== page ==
As we have successfully tested the process on a pilot (semi-industrial) scale it definitely has a potential for upscaling. However, there are important challenges that have to be addressed - the availability of biomass (or various types of it) in terms of quantity, seasonal availability (storage), dispersed sources (transport), variations in quality etc. The existing wood pulping installations are over capacitated and not necessarily adapted to such intense variations in the incoming raw materials. The majority of the alternative raw materials, in this case tomato plant stems, are diverse, variable and seasonable, therefore the incoming feedstock is not available in quantities for big-scale production in one place which is reflected in high logistic cost.
Upscaling is possible with small to medium scale installations (pulping capacity up to 100 t/day), easily adaptable to various raw materials and connected to upstream (biomass producers, transport and logistic services) as well to downstream value chain (mid-sized paper mills, packaging producers, retailers) and end users (agricultural producers, recycling companies).
An important constraint, recognized in different regions is the lack of the intermediates, RDI institutions that can support the development of new value chains and demonstration of the potential products. Pulp and Paper Institute, with its piloting equipment including biomass fractionation, paper production and a packaging demo centre has developed the paper, corrugated board and packaging products to the level that can be upscaled and replicated.
Have there been any trials with other types of agricultural waste?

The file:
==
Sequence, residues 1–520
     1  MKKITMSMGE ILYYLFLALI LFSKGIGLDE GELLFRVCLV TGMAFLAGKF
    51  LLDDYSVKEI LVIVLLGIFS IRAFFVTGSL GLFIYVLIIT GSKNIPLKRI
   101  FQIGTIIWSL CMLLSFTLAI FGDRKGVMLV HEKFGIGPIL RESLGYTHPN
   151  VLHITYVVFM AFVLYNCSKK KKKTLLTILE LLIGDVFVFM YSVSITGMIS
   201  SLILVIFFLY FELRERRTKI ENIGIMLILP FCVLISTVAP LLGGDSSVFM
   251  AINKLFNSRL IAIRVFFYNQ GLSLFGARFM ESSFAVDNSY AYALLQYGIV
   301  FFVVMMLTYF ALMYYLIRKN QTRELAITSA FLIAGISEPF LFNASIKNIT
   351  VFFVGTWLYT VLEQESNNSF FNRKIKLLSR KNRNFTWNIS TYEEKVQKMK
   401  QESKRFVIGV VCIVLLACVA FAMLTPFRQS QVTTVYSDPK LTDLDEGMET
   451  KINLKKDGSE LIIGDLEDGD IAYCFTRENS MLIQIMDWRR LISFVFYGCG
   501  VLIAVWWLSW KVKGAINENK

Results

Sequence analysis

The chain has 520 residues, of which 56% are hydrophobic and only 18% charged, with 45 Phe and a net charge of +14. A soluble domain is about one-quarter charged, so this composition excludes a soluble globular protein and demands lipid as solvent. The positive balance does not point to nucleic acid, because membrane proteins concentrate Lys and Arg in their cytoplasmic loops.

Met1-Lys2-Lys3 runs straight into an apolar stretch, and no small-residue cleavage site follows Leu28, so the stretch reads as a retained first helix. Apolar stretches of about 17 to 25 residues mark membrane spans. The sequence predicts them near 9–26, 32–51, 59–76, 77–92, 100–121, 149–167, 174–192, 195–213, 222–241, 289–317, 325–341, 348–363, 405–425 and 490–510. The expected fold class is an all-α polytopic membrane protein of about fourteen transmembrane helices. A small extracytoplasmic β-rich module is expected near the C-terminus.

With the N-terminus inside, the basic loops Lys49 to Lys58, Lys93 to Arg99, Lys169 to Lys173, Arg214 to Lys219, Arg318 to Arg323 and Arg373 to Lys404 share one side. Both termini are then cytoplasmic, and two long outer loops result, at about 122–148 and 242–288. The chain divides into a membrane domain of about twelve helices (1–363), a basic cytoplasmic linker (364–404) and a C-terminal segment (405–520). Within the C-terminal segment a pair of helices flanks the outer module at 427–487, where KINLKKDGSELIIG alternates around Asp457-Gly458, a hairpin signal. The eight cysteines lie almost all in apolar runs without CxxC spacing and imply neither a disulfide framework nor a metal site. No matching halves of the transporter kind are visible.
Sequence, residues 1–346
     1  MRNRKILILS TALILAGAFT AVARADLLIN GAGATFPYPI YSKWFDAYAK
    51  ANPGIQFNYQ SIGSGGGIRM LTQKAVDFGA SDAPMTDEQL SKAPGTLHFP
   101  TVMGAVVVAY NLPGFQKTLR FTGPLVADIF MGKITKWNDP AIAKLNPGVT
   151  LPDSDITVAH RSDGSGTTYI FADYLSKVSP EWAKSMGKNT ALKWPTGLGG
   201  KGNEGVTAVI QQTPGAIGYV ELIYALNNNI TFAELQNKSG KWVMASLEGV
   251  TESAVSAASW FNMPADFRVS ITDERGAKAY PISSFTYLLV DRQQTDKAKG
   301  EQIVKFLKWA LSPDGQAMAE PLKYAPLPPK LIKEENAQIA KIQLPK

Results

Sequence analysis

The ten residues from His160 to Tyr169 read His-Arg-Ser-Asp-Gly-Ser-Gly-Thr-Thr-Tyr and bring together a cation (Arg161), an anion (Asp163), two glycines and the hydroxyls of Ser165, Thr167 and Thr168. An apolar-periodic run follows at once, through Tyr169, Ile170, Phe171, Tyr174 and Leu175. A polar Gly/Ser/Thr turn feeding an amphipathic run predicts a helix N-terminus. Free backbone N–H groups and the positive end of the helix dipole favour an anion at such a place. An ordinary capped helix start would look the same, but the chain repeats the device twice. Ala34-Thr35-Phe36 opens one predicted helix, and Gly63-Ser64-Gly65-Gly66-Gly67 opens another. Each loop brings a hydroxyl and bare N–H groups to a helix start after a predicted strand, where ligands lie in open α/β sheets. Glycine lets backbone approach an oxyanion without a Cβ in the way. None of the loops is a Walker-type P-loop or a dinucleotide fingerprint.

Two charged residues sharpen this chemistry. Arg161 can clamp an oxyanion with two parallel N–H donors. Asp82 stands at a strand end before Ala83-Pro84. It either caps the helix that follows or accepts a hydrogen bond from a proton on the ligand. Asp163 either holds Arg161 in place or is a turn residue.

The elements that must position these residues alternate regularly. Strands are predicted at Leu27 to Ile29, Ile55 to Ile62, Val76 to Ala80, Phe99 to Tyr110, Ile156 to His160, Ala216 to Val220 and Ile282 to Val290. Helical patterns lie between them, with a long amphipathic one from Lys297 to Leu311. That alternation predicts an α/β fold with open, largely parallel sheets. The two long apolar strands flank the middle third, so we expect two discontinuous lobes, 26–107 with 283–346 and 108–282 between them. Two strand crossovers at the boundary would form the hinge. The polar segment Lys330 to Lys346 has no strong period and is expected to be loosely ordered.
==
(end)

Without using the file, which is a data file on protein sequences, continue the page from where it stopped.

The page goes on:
Statistics show there is high potential of biomass waste and side streams in Slovenia for biorefining. At the Pulp and Paper Institute we have compiled a database of these raw materials along with their potentially available quantities and most promising fields of use, not only for papermaking but also in for chemicals extraction, enzyme production etc. So far, we have successfully obtained fibres and produced papers from several different sources. Those with most potential, around thirty of them, have been studied in-depth in terms of chemical and morphological structures and the process of cellulose fibre extraction and paper production at lab scale. From agricultural residues and side streams, for instance, we have analysed wheat, straw, hops, barley, corn, among others. The pilot trials and industrial production of paper and paper packaging were developed in cooperation with different partners, i.e., for the local community from the urban green cuts (invasive alien plants, Japanese knotweed, Canadian goldenrod, black locust) or different industries from their waste (i.e. sawdust, wasted jute coffee bags). Some of them are presented under the Institute’s trade mark CiP. All these products are evaluated in terms of their circularity and compliance with the legislative and market requirements. Corrugated cardboard was produced only from paper made from the fibers of tomato plants and Japanese knotweed. However, our knowledge, equipment and the excellent partner network allows us to experiment also with other types of biomasses.